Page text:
An important focus to understand the concern for “outsider” history is the framework of “what sells.” As noted by Filene, history is thriving in popular culture, whether on television, movies, or books. History sells whether the personal histories in the example of StoryCorps or generalized and glossy history like in the Disneyland’s Main Street, U.S.A. People seem to be interested in history, but more importantly they are willing to spend money to feel connected to a history. In our discussions this idea of a marketable history also came up. Our discussions touched on points about what makes Bryn Mawr marketable as a college for students to apply and for alums and outsiders to give money to the college. Either way, it is important for the college to make sure it tells a history that people want to consume, just like museums are attempting to do also. As stated by Filene, the success of a museum is measured through public support (23). In reading this article and the Trouillot chapters, I was reminded of the many museums of Jewish history that I’ve visited in the U.S. and in Europe. These are a rather recent occurrence in public history. For example, the National Museum of American Jewish History in Philadelphia was opened in 1976, the Jewish Museum Berlin was opened in 2001, the Museum of Jewish Heritage was opened in New York City in 1997. Often in Jewish history museums, family stories or family rituals are what are on display. As outlined by Filene with the Tenement Museum example especially, museums that incorporate a family history or a community history are popular because these are the stories that are more relatable to the general public. It is of increasing importance as the field of public history moves toward professionalization to not ignore the “simple” act of storytelling. As we move forward in our discussions I hope we do not move too far from the valuable personal and community narratives that the public often responds well to.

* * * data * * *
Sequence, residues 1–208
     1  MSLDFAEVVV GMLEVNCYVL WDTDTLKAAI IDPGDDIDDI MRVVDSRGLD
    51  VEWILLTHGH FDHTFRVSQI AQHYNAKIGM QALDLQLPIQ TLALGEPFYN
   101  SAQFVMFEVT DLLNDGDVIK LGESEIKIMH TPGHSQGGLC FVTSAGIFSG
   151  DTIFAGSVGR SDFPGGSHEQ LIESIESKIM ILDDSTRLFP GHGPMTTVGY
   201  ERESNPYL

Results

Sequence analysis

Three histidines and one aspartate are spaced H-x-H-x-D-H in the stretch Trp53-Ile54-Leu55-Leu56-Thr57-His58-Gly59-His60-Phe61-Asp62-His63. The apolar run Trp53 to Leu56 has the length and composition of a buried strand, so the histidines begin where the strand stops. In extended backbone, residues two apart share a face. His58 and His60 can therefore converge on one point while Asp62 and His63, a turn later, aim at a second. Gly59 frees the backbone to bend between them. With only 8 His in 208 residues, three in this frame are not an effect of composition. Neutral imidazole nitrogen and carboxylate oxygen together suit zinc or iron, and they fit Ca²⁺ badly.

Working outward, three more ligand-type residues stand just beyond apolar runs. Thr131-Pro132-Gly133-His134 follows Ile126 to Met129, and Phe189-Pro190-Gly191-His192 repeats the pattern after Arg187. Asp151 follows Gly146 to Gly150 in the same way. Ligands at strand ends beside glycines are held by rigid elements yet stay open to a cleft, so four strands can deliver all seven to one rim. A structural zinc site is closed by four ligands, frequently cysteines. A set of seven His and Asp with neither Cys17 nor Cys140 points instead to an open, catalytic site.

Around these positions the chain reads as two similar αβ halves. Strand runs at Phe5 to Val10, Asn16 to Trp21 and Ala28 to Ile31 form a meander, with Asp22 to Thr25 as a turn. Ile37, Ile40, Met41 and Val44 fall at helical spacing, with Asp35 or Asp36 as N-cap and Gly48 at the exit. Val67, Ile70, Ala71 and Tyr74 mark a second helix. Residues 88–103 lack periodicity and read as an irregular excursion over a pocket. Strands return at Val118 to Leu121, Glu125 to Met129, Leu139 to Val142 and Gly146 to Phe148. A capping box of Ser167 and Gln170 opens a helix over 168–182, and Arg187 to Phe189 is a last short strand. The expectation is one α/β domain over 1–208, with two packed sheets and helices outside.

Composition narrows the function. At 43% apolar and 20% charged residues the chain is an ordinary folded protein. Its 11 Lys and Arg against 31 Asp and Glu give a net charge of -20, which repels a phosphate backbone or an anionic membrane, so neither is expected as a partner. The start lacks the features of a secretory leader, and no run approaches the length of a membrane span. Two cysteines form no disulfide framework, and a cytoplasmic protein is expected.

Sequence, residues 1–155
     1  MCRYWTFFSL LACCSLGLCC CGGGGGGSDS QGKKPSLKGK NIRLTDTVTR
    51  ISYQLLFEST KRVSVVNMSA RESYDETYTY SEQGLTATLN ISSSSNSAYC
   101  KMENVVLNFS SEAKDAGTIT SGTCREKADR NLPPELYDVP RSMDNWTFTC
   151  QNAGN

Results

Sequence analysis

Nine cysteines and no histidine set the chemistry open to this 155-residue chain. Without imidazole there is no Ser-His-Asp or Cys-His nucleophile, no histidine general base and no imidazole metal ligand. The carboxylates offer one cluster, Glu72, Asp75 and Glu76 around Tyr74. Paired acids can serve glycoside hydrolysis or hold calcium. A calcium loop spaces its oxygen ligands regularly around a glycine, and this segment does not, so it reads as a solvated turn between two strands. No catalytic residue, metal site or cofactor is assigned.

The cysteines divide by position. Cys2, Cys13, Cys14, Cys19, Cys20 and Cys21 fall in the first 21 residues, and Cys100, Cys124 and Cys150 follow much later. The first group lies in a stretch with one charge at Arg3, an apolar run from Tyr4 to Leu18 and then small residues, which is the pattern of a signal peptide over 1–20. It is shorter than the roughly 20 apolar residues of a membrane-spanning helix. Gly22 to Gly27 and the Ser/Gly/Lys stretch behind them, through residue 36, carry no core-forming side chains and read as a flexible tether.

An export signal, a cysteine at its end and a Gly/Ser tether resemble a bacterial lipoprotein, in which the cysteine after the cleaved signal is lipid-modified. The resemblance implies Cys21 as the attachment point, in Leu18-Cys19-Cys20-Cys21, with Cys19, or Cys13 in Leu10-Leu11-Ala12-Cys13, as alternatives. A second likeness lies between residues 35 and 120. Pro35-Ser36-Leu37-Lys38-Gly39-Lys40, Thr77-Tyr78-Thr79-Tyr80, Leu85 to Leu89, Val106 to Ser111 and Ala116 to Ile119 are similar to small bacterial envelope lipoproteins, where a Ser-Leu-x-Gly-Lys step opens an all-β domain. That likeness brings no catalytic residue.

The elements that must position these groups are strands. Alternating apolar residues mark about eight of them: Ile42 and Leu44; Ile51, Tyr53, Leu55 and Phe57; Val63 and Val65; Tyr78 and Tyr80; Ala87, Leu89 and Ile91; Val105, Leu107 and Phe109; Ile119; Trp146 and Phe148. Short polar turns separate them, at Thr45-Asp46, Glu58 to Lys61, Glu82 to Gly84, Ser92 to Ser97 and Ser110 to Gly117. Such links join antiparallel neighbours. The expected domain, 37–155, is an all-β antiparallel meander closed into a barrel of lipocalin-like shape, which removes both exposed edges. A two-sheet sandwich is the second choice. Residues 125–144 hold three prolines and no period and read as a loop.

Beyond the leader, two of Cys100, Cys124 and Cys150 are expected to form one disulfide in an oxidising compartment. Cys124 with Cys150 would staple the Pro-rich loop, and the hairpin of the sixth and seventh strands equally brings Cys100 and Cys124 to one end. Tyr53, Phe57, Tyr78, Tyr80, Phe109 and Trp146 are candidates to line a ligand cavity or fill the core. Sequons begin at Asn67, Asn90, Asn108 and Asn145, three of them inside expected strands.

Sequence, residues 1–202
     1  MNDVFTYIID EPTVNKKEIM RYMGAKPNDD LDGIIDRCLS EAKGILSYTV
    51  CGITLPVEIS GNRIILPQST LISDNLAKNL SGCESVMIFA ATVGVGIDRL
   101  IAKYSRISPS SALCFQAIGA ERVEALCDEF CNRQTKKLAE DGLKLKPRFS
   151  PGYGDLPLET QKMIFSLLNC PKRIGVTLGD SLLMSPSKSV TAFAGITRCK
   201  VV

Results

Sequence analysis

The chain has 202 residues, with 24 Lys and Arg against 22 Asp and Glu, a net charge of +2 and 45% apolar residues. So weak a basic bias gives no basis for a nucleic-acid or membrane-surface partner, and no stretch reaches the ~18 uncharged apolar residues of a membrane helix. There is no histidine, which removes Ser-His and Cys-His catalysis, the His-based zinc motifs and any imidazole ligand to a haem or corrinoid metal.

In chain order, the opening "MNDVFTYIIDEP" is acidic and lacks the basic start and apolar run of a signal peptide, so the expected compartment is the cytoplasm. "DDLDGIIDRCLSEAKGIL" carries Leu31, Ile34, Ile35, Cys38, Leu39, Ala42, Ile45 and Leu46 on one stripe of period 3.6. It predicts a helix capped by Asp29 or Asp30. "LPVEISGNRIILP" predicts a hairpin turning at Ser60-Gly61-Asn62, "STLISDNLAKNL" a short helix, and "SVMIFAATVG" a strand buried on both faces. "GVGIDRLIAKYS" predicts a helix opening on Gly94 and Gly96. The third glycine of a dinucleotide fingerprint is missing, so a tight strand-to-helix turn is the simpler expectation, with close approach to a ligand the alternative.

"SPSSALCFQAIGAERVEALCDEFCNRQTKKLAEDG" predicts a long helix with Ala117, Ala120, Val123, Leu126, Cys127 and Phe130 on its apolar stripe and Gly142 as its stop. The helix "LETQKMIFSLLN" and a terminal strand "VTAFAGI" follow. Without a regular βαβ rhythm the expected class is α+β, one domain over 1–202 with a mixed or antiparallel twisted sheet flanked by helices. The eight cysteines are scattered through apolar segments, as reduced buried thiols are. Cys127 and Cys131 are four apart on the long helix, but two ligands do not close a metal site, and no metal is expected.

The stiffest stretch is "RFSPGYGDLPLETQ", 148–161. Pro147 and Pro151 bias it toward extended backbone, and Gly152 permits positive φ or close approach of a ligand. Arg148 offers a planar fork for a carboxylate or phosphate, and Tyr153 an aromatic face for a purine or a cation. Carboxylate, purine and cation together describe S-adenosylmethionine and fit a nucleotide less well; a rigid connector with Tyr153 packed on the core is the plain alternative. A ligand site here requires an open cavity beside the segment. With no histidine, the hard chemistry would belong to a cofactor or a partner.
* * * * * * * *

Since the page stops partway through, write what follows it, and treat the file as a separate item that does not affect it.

The piece of Trouillot that stuck out to me in relation to our project was the idea of the inherent ambivalence of the word “history.” We are both the actors and the narrators of our shared history (2), in this case the history of Bryn Mawr College. This creates a potential struggle, as we are both living and reflection on the history we are creating. Additionally, Bryn Mawr more than most places I have experienced, feels much more like it has a “legacy of the past” that does not come from anything that the past bequeathed itself (17). With our many “traditions” and “historically” specific way of doing things, it is difficult to get into what actually happened versus what we believe to be our past and therefore incorporate into our personal identities as members of the community. Bryn Mawr’s history and most likely the histories of many colleges are prime examples of what Trouillot describes as histories that have been produced outside of academia (21).